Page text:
The Doctor Who Project

The Doctor Who Project (TDWP) is the multiple award winning Canadian Doctor Who fiction series based on the long-running BBC science-fiction television series “Doctor Who”. TDWP centres on the continuing adventures of an alternate Doctor and his companions. Stories are published as part of an overall season that concentrates on delivering a collection of short stories that sees the Doctor facing new and original situations in time and space.

Ghost Ship – Season 40, Story 1


A distress call, abruptly cut off, leads the Doctor, Val and Tom to a ship where only a handful of people remain. Ghostly shapes prowl the corridors, picking off the survivors one by one.

Then the TARDIS is taken.

The Doctor is forced to take desperate measures to track down the alien force behind the ghostly apparitions, find out who sent the distress call and explain why six life signs are registering, when only five people are aboard…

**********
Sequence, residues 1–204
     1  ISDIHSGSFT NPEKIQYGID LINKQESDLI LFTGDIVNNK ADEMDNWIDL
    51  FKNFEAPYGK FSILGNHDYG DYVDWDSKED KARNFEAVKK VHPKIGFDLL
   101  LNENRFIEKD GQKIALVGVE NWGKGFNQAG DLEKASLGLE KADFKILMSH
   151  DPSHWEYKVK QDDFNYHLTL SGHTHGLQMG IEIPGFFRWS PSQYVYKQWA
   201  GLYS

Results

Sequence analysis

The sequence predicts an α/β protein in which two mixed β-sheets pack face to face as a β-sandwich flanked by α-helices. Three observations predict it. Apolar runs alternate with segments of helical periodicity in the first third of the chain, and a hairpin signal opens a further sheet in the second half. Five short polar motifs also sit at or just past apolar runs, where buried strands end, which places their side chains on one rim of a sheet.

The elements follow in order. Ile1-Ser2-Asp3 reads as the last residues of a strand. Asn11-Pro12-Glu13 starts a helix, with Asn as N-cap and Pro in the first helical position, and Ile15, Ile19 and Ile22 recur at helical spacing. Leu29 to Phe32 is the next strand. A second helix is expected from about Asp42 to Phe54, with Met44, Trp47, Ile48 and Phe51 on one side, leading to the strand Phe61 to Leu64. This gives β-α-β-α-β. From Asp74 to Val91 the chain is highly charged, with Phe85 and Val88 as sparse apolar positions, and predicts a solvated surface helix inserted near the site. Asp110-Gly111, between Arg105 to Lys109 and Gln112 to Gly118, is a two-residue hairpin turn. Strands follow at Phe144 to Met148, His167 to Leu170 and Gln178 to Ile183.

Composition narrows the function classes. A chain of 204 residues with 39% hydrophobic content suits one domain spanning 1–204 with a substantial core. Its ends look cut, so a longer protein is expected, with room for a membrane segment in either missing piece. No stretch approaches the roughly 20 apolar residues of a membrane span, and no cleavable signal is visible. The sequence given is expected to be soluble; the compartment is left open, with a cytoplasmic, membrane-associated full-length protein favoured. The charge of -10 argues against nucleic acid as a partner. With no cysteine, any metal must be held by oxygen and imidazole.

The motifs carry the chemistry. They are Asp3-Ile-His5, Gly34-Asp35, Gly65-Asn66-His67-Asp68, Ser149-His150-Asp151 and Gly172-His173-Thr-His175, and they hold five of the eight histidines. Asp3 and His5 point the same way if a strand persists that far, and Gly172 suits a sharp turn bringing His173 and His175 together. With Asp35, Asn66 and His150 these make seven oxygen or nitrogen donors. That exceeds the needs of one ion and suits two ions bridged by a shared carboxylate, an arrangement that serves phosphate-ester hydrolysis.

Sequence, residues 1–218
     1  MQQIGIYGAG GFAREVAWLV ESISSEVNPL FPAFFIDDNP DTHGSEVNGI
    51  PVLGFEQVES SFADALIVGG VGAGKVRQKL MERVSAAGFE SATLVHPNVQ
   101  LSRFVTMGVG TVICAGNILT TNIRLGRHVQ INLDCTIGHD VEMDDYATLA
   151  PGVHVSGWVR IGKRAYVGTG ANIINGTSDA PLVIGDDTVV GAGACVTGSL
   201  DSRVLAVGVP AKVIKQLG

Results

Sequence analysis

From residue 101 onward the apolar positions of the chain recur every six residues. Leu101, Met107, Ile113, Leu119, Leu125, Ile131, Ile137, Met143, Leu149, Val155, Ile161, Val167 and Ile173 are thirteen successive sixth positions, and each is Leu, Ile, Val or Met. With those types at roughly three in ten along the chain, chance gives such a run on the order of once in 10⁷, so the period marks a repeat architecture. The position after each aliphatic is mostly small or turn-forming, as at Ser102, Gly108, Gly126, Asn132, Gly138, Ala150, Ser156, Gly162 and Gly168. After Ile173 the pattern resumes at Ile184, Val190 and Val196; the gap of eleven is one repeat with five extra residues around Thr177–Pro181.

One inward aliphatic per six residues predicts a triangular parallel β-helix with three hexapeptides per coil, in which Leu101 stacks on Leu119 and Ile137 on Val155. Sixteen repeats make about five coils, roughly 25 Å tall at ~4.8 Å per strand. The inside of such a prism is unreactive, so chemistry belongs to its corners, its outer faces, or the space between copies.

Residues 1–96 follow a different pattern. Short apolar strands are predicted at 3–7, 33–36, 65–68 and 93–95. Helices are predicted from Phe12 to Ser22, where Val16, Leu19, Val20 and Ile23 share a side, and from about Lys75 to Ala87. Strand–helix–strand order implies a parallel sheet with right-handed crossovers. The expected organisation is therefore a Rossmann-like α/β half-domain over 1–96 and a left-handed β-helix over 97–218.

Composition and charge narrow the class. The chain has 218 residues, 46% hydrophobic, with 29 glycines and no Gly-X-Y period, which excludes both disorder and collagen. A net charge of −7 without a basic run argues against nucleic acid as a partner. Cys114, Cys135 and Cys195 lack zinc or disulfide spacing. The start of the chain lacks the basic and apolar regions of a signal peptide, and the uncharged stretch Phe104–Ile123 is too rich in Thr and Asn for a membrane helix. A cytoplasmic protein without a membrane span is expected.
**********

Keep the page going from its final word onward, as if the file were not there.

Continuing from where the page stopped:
You can read more original Doctor Who stories at The Doctor Who Project website!

Ghost Ship Cover (by John Gordon Swogger)

Evolution – Season 39, Story 4

Download Evolution here

While travelling to the Eye of Orion, the Doctor and his companions encounter a powerful telepathic field that tears the TARDIS from the Time Vortex. Crash landing on the planet Satrigon in the year 3450, the Doctor discovers that the primitive species he once knew has become an advanced military civilisation, in just over 200 years.

The Doctor, Val and Tom investigate claims that gods have advanced the species and learn that the population regularly experience psychic communication with these mysterious deities known collectively as The Colony.

When the time travellers begin to experience these events for themselves, the Doctor and his companions become caught in a race against time to find out what is accelerating the evolutionary rate of the Satrigorns—before worlds are destroyed and the lines between reality and illusion are dissolved permanently.

You can read more original Doctor Who stories at The Doctor Who Project website!

Evolution - Titles - Kevin Mullen - MEDIUM

Evolution Update

Today I was sent the cover for my Doctor Who novella Evolution!